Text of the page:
Siemens has unveiled a system for recharging the batteries of electric vehicles that does not require an electric cable to be plugged into the recharging point.
Instead, the system uses inductive charging, in which a current flowing through an electric coil in the charging station generates a magnetic field that induces an electric current in a second coil in the vehicle, recharging the battery.
The system, demonstrated last week at the annual technology exhibition Hannover Messe, was developed in cooperation with the car manufacturer BMW. In June it will be tested live in a project funded by the German Environment Ministry and involving several vehicles in Berlin.
According to Siemens, the non-contact technology works if drivers make only a short stop to recharge. The associated charging stations can be easily incorporated into practically any setting, making them nearly invisible and protecting against vandalism and wear and tear.
The lack of an extensive and reliable recharging system is a big obstacle to the increased use of electric vehicles. Electric cars have to recharge their batteries more often than vehicles with combustion engines need to refuel, and there are a number of moves to create a suitable infrastructure, including installing recharging points in homes and car parks and setting up “battery swopping” stations where drivers can drop off a spent battery and pick up a charged one.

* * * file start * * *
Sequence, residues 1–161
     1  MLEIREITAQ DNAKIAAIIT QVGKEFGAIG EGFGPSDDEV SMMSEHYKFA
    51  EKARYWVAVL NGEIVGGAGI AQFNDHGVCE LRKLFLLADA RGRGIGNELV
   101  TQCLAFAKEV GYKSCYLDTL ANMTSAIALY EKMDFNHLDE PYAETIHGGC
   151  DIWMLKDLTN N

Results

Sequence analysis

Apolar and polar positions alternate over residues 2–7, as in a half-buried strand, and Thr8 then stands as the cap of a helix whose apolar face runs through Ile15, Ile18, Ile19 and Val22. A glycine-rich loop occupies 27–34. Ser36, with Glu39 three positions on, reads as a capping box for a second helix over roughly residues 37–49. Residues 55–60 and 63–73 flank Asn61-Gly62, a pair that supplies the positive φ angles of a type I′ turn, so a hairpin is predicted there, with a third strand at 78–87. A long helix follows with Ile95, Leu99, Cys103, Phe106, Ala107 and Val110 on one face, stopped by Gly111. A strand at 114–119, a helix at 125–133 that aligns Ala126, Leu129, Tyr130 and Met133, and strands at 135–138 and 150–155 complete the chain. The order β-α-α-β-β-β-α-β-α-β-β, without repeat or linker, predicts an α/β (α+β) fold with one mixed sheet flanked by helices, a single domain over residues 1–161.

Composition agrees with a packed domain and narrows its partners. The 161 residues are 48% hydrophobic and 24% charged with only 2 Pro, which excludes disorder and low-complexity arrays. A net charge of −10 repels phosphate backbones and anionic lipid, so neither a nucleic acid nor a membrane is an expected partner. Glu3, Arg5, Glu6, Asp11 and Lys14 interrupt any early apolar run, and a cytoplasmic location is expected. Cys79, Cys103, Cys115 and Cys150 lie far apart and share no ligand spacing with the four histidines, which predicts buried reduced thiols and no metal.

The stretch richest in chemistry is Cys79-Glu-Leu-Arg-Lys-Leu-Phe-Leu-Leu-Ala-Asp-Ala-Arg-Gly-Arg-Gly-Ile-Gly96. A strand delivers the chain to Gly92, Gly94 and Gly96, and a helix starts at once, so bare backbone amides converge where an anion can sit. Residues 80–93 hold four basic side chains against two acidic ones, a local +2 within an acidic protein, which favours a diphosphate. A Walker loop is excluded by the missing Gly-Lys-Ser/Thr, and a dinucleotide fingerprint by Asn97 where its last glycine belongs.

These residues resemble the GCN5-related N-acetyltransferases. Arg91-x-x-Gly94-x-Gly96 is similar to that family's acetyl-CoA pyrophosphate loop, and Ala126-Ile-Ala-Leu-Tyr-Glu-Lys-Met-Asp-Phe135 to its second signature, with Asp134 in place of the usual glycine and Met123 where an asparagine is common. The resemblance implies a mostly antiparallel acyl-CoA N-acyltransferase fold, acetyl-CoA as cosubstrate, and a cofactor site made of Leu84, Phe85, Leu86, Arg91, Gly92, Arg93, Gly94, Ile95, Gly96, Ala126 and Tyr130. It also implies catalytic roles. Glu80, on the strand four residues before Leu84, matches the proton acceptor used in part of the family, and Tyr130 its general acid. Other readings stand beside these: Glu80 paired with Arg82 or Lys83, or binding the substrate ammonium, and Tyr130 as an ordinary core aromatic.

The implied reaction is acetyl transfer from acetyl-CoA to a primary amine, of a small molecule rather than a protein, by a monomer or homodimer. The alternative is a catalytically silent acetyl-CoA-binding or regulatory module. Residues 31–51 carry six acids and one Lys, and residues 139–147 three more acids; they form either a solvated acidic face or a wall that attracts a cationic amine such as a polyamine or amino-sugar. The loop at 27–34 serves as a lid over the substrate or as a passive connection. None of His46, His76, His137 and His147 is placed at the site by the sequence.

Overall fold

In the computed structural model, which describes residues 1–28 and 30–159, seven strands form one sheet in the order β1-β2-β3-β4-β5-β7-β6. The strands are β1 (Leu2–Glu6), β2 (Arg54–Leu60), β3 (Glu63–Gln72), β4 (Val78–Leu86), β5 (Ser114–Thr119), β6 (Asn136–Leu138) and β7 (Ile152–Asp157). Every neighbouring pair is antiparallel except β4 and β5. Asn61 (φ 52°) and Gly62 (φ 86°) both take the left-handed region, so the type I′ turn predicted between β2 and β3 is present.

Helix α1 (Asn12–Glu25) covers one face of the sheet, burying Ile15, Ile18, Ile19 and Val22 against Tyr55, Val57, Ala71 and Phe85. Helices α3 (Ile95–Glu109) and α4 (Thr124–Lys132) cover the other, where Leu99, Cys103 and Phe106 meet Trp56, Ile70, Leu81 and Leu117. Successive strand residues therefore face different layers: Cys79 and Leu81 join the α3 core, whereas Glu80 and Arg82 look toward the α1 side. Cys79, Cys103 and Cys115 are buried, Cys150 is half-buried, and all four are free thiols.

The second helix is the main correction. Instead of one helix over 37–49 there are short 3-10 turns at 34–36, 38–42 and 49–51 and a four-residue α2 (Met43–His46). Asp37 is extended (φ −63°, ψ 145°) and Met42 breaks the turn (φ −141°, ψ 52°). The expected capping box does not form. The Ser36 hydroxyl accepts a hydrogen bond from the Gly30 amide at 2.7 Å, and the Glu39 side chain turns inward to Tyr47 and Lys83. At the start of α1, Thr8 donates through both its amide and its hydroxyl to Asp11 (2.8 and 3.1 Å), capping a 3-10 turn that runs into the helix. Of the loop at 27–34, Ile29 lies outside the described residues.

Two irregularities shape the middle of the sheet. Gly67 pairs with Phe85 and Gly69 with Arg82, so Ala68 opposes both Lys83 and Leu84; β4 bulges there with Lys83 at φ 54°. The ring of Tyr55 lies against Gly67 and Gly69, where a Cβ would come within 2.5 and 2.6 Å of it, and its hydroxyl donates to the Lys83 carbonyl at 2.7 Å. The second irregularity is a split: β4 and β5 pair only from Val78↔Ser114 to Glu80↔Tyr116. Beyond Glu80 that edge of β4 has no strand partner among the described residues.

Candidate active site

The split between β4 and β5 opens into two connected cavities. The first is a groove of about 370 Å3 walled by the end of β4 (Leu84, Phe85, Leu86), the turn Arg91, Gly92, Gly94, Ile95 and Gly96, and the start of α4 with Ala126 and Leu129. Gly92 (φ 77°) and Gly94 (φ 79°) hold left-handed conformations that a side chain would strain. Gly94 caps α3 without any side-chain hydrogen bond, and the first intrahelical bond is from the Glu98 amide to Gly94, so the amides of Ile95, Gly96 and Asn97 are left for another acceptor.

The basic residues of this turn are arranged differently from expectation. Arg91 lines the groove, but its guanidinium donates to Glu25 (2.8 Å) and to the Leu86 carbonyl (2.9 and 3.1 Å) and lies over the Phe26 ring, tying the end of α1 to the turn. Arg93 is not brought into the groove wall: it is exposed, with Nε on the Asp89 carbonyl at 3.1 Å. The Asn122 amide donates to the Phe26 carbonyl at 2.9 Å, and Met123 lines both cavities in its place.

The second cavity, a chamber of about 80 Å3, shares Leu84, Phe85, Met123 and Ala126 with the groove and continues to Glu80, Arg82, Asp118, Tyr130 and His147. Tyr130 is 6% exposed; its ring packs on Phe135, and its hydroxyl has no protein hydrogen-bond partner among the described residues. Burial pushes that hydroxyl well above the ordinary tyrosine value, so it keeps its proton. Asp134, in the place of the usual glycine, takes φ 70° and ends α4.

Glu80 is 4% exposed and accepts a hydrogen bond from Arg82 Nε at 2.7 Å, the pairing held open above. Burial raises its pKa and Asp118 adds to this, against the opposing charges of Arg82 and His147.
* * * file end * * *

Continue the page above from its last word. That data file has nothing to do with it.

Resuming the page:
Siemens says its inductive energy transmission technology would make it possible to automatically recharge vehicles, such as taxis waiting at cab stands.
The charging station is connected to the public grid by a primary coil that is completely underground. A secondary coil is attached to the car, with the distance between the two coils being between eight and 15 centimeters. When the driver starts the charging process, an electric current begins to flow through the primary coil. The resulting magnetic field induces an electric current in the secondary coil, which recharges the battery.
Electricity is transmitted from the grid through all of the components to the battery at an efficiency of more than 90 percent.
The magnetic field is generated only in an exactly predetermined area between the two coils. Siemens says the system says the strength of the field in and around the vehicle is far below the internationally recommended limit of 6.25 microteslas.
Starting in May, a prototype with a charging power of 3.6 kilowatts will be tested in an electric vehicle. This test will be followed by the trial in Berlin to determine what improvements are needed to enable the technology to be integrated into mass-produced vehicles.
Siemens is also promoting the technology as a means of storing electricity from solar and wind generation, to balance the load in the electricity grid.